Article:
THE next German government plans to invest considerably more in rail than road, saying rail must become the backbone of mobility throughout Germany including in rural areas. It vows to focus on expanding rail infrastructure and operations.

The three-way coalition formed of the centre-left Social Democrats (SPD), the environmentalist Green Party and the Free Democrats (FDP) will assume power following elections held on September 26. FDP will assume responsibility for transport.

Targets unveiled by the coalition on November 24 include increasing rail’s share of freight transport from 19% to 25% by 2030, doubling passenger numbers and electrifying 75% of the country’s rail network, up from the current 60%. Creation of a national regular interval timetable is also seen as a priority.

The new government says it wants to connect more suburban areas with long-distance transport and strengthen cross-border traffic including more night trains within the European Union.

German Rail (DB) will be retained in public ownership. However, an internal restructuring will aim to improve efficiency and transparency. Infrastructure businesses DB Network, DB Station and Services will be merged into a new infrastructure division. Profits generated by this division will remain within the new unit rather than being distributed across the DB Group.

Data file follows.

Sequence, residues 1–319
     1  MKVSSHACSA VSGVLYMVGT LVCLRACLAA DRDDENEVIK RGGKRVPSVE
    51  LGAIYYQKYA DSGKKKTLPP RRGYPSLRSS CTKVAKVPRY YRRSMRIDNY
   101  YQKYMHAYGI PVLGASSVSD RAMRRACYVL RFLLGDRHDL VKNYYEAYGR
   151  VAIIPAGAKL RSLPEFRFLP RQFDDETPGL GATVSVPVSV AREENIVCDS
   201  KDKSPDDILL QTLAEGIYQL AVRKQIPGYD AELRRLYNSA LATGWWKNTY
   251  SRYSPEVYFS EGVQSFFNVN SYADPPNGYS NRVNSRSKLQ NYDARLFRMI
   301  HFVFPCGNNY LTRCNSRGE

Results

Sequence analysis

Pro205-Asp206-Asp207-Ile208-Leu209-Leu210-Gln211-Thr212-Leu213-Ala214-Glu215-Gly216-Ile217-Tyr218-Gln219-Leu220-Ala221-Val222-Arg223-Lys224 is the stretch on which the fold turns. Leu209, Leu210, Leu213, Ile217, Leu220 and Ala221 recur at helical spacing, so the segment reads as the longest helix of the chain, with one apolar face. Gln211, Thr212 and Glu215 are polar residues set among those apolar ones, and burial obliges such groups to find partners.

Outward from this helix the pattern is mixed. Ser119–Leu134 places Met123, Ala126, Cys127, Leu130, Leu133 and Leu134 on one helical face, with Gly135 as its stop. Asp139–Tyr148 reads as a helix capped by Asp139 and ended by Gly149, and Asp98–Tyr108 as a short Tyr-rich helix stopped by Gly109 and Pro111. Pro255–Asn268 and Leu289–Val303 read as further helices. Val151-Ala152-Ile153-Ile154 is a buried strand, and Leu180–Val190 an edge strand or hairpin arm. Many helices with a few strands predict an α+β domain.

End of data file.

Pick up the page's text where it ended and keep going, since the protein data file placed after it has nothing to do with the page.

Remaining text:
The coalition aims to support innovation and drive new technology and says it will prioritise the digitisation of vehicles and infrastructure. There are plans to accelerate the introduction of Digital Automatic Coupling (DAC).

The new government plans to explore whether and to what extent it can support municipalities with above-average costs to make transport more environmentally friendly.

For rail freight, the new coalition wants to strengthen single wagon traffic and provide investment incentives for new sidings. In the case of new commercial and industrial areas, it says examining the possibility of a rail connection must be mandatory, adding that the coalition plans to further promote intermodal terminals.

Throughout 2022 the coalition plans to continue providing support for pandemic-related loss of revenue.

The decision regarding DB infrastructure was welcomed by Mofair, which represents independent passenger rail operators in Germany. “By eliminating the profit-making obligation, the coalition partners are removing what is perhaps the most important obstacle to a better, high-quality rail infrastructure,” says president, Mr Tobias Heinemann. “Profits from the regulated infrastructure now stay there and are reinvested. Cross-subsidisation in favour of the DB transport subsidiaries is then no longer possible.”

However, Heinemann says that “a real traffic turnaround” is only possible if all railways in Germany have equal opportunities by reducing track access charges. He said Mofair and its partners will continue to demand that this should happen.

“The new coalition gives the climate-friendly rail priority, and this fulfils the central demand of the rail industry,” says Mr Dirk Flege, managing director of the Pro-Rail Alliance. “This can mark the beginning of a new era in transport policy with priority for climate-friendly forms of mobility.”